In the wake of the $A60 billion bungle, the Australian government has turned its attention to creating smokescreens. Yesterday (May 25, 2020), the Treasurer released a statement - Temporary changes to continuous disclosure provisions for companies and officers - which…
A few things came up late last week which demonstrate the neoliberal Groupthink is alive an well at the highest levels of policy in Australia (and elsewhere). First, there was a story that a report from an Australian Broadcasting Commission (ABC) journalist on the Australian government’s corporate tax cuts was withdrawn after publication by the ABC after receiving several complaints from senior government ministers including the Treasurer and the Prime Minister. The story was not even radical. The journalist who I have had dealings with is a neoliberal herself when it comes to understanding macroeconomics. Second, one of the claims that the neoliberals make is that central banks are now firmly independent and not part of the political process. This is all part of the depoliticisation process whereby governments absolve themselves of political responsibility for policies that harm the citizens by appealing to ‘independent’ external authorities (such as the IMF, or central banks). Well we know that the claim about central bank independence is not true both in terms of the way the monetary system operates but also in the conduct of various central bankers over the last few decades. Last week, the Reserve Bank of Australia governor once again demonstrated how politically independent he is NOT by invoking key mainstream neoliberal myths about deficits and grandchildren. And then an old hack and largely failed British Labour politicians got in on the act. The Groupthink is powerful but becoming increasingly desperate under the increasing pressure from citizens for more accountability.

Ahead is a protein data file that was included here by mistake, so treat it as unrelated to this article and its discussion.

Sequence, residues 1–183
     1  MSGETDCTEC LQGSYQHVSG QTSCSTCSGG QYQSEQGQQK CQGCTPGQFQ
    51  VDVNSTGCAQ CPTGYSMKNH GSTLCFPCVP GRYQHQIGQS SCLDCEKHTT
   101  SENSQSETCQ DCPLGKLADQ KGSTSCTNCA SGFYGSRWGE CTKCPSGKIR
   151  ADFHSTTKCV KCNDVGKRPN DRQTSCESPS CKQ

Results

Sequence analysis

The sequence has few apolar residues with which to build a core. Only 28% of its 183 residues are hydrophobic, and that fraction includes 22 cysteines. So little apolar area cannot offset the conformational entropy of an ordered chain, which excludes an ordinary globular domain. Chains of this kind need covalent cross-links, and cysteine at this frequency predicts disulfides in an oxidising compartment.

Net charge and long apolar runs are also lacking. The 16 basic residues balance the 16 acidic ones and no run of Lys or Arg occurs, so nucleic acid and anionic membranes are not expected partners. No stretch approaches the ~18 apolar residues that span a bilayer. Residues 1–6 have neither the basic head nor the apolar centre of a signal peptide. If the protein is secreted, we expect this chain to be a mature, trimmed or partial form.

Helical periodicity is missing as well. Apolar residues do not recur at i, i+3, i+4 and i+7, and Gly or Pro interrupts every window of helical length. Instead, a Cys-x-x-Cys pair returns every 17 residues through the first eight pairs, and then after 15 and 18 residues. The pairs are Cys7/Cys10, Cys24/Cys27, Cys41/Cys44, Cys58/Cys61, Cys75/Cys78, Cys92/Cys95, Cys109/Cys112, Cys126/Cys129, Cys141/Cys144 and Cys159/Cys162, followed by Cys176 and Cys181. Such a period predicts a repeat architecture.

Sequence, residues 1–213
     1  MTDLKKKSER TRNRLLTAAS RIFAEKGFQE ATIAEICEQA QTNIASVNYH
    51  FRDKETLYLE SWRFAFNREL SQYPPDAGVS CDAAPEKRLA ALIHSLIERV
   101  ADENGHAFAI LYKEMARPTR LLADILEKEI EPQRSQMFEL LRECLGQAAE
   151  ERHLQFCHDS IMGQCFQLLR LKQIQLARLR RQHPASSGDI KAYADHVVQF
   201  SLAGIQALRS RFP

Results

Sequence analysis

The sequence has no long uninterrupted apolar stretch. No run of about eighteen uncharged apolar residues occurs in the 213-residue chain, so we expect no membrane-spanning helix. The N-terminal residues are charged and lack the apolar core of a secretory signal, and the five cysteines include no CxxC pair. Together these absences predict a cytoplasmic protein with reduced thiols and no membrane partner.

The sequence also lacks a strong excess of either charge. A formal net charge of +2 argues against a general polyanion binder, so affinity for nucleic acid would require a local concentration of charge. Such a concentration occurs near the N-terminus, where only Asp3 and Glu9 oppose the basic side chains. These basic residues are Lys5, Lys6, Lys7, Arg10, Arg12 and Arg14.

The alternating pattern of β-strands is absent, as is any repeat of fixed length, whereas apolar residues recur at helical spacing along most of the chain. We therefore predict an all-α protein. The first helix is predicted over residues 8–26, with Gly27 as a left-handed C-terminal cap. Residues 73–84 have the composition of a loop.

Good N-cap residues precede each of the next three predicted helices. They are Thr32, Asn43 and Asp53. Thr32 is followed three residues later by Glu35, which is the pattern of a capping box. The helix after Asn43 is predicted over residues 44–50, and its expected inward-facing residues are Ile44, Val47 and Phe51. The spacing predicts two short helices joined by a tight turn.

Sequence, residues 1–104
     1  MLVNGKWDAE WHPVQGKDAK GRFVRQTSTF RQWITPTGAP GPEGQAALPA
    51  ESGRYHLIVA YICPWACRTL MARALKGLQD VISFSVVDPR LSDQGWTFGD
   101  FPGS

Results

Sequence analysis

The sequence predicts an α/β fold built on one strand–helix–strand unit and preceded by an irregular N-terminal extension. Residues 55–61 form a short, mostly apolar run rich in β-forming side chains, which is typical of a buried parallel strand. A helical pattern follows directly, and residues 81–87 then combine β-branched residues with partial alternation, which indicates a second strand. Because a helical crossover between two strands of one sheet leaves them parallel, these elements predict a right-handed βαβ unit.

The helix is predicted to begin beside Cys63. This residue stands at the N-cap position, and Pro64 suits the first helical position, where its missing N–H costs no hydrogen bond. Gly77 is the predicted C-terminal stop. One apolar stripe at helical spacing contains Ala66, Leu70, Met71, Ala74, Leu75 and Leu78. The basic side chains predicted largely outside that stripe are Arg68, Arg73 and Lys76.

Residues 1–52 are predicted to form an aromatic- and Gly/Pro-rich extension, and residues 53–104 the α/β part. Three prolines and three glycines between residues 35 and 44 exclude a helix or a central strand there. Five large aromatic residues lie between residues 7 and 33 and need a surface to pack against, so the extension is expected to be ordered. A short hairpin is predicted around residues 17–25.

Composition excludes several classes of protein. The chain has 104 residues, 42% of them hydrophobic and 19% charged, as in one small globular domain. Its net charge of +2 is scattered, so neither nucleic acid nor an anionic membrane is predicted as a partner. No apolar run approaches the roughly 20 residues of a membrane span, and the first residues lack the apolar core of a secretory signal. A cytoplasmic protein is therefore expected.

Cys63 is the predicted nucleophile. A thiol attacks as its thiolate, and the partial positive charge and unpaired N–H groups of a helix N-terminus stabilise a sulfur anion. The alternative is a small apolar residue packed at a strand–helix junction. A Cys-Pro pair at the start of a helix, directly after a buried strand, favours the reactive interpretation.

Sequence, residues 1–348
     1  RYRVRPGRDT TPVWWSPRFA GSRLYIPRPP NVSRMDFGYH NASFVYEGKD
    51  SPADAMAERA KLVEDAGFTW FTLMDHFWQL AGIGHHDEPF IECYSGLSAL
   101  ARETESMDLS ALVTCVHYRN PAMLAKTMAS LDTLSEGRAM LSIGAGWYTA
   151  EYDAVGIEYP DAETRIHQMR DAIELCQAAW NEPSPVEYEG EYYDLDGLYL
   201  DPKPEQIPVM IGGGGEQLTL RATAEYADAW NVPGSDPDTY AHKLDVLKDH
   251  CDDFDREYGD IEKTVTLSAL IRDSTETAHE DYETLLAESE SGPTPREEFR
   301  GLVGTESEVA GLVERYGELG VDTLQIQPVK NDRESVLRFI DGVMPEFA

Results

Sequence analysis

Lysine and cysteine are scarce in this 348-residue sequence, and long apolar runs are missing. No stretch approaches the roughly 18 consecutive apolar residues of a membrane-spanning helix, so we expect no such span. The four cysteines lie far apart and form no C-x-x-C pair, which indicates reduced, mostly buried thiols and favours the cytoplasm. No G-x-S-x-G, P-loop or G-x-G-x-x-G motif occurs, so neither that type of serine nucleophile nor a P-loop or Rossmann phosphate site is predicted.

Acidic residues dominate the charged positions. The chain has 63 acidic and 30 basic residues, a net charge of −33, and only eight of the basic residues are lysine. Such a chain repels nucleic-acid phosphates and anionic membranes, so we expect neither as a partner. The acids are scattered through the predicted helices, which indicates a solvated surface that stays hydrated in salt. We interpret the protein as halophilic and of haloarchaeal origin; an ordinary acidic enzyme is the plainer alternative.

Last Friday (February 8, 2018), the Reserve Bank of Australia issued its latest – Statement on Monetary Policy – February 2018 – which in its own words “sets out the Bank’s assessment of current economic conditions, both domestic and international, along with the outlook for Australian inflation and output growth.” Of interest to me (apart from all of it) was the discussion of domestic economic conditions, in particular the discussion concerning wages growth. Workers around the world are struggling to gain any semblance of decent (if any) wages growth, are facing real wage cuts, and seeing national income redistributed to profits (even as investment ratios fall). They are observing increasing gaps between real wages growth and productivity growth, which means the workers’ share of output gains is falling. With sluggish investment ratios, it isn’t rocket science to realise that the redistributed national income is being pumped into the financial markets casino, which delivers little or no productive benefit to society and provide for continued economic instability. It is clear that major shifts have to occur in wage setting mechanisms to redress these imbalances. That should be a major focus of progressive activists. It is a global problem.